Pipeline Publishing, Volume 7, Issue 5
This Month's Issue:
Wireless for Developing Markets
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NewsWatch: October — M&A and Other News
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As business combinations make some telecom providers larger and more diverse, with increased triple and quadruple play offerings for customers, there will also be room for much smaller, niche companies to be very profitable.

Room for Small, Niche Players

Frontier Communications’ announcement of $40 million to expand broadband in Illinois in 2011, part of its goal to provide 85 percent of its Illinois customers with broadband by 2013, will provide higher revenue services in areas where the company is the only or one of only a couple of choices for such services in the state, according to Sapien.

Beyond the desire for additional revenues, the company was likely under some pressure to expand its broadband offerings as a result of the approval of the acquisition of the $8.6 billion in wireline assets from Verizon, according to Sapien.

There will also be room for much smaller, niche companies to be very profitable.

Ovum predicts that the market for MVNOs will hit 85.6 million connections in 2015, up from 53 million in 2009. Meanwhile revenues will reach $9.5 billion in 2015, up from $8 billion in 2009.

Change at the Top

The month also saw the announcement of the passing of the torch at Amdocs Limited. Dov Baharav, the company’s president and CEO, will retire in the first quarter of calendar 2011 and will be replaced by Eli Gelman, a current director and former executive vice president and chief operating officer.

“Dov began his tenure at a difficult time for the company and led it to new heights,” said Amdocs chairman Bruce Anderson. “During his years as CEO, Amdocs doubled its revenue,

The market for ‘no frills’ mobile operators such as Tesco will increase over the next five years as more and more people opt to select their service as they shop, according to a recent Ovum report.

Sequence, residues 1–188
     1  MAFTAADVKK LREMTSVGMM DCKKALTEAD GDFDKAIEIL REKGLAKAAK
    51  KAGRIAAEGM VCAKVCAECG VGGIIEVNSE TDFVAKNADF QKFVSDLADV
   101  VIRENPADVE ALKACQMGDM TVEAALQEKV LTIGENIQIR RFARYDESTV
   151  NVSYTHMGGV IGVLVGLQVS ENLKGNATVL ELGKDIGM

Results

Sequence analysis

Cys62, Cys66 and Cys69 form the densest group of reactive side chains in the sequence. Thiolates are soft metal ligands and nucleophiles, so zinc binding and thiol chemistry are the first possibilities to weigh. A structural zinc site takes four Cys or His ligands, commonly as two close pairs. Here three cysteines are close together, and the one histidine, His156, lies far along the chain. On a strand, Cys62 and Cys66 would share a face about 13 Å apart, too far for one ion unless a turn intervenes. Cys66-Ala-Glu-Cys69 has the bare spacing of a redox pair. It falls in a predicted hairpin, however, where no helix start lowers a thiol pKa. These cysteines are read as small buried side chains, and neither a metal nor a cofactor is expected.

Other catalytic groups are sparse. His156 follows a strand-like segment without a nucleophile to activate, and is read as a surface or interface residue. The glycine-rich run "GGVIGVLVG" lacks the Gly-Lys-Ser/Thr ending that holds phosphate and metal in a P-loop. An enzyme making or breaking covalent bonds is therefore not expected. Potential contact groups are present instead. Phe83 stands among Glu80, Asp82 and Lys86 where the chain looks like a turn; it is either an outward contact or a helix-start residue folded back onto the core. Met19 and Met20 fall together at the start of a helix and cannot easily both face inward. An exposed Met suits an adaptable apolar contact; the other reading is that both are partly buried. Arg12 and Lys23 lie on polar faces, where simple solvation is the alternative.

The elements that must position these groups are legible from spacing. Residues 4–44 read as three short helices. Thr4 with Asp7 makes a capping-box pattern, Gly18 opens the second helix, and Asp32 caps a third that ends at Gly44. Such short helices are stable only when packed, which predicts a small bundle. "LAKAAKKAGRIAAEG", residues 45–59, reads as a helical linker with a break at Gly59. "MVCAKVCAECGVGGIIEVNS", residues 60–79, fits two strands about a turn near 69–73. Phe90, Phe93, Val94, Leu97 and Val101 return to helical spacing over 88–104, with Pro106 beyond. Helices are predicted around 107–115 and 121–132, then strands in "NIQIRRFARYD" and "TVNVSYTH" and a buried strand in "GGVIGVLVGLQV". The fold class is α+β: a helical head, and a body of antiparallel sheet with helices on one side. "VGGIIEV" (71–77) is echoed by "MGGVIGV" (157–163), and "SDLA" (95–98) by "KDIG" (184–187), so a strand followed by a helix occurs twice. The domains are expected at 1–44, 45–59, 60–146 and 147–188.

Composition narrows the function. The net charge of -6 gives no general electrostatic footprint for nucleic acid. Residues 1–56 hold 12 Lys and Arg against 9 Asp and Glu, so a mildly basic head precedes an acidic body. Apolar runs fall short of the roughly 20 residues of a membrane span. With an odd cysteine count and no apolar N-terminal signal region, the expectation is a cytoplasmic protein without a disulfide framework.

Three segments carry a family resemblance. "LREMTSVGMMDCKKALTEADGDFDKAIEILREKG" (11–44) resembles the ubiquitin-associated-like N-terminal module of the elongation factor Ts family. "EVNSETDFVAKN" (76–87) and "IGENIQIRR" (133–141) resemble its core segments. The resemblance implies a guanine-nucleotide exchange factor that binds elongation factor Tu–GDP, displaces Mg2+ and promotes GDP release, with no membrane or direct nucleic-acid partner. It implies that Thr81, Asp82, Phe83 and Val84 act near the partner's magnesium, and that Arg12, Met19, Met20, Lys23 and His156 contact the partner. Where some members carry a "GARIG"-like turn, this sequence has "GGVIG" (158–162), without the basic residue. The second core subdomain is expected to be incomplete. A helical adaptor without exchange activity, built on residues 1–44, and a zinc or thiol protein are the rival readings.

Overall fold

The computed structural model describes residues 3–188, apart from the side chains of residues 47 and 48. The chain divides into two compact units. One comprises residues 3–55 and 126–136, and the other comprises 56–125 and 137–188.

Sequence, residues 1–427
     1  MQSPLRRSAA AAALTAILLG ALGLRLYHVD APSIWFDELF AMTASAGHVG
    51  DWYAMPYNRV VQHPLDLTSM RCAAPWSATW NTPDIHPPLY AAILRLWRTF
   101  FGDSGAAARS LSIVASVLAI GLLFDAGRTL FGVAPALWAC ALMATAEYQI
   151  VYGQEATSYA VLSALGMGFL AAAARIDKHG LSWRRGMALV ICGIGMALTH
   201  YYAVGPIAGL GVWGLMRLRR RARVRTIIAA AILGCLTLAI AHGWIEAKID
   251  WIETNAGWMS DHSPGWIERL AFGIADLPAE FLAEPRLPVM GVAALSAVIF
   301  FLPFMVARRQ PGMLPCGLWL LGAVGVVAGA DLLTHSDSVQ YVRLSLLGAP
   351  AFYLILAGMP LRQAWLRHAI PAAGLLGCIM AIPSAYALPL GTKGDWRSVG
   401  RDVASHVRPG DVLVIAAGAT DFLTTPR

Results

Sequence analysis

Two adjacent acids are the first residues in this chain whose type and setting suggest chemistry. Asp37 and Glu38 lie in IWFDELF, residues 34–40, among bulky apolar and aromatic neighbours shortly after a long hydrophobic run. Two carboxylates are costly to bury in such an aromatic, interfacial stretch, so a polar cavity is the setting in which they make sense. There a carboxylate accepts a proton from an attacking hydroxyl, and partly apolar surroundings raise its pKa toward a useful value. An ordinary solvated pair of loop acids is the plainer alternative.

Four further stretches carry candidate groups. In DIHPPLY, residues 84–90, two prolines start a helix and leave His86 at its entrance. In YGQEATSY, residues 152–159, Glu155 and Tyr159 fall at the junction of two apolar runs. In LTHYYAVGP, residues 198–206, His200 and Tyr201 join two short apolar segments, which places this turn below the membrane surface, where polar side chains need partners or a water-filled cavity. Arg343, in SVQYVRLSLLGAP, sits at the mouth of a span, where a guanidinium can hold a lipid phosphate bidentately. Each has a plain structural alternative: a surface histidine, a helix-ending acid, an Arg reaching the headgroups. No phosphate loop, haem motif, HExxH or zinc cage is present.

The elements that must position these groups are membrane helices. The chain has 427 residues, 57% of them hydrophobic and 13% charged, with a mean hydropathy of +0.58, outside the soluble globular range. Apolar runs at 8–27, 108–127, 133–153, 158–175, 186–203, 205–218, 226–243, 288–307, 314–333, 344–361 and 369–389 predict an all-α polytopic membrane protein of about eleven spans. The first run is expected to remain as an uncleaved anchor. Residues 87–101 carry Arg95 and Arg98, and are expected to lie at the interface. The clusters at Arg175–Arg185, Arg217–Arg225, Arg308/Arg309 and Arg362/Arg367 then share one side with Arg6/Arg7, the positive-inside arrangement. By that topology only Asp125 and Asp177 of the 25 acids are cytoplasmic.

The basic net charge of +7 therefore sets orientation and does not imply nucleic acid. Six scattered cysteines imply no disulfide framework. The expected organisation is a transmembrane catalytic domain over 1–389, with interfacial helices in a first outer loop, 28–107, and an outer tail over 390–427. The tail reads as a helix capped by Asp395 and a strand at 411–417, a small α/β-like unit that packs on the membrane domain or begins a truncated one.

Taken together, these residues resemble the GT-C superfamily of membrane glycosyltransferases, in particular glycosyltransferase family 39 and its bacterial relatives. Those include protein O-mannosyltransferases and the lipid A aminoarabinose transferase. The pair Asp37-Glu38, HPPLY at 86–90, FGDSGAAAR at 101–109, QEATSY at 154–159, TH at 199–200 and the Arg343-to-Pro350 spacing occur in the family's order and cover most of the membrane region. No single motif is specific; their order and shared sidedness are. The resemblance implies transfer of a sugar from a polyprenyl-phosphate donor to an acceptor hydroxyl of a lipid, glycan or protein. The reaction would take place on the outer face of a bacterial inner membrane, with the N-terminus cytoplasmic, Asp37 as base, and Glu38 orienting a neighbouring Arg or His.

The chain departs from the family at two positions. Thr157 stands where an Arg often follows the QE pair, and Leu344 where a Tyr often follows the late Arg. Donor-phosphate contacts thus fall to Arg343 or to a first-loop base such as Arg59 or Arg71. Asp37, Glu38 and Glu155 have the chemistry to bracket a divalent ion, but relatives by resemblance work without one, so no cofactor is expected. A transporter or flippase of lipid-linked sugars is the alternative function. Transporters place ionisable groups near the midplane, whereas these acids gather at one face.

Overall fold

The supermarket giant and other established retailers will see increased success in the ‘no frills’ mobile market as more people turn their backs on traditional players and go for convenience, according to Ovum.

Tesco and its counterparts are mobile virtual network operators (MVNO), buying minutes from traditional players to sell to their own customers.

It is a model that works well, as all the retailers need to do is free up shelf space for their mobile offering, then focus their resources on marketing, distribution and sales, leaving the networking issues to the traditional operator.

significantly grew its product and services portfolio, expanded its global presence, and, ultimately, became the world’s leading provider of customer experience systems.”

It’s unknown at this time what changes might be in store for the company stemming from the change in leadership. During the conference call following the announcement of the change in early September, Gelman said: “I think it's a little bit premature for me to strategize. I can tell you in terms of my personality and the way I look forward, I like to do big things and to take the company to higher places and new places. But whether it is in one direction or the other I think it will be almost irresponsible for me to really share it with you at this time.”

The new business combinations among telcos will provide Gelman with some interesting challenges in the years ahead.

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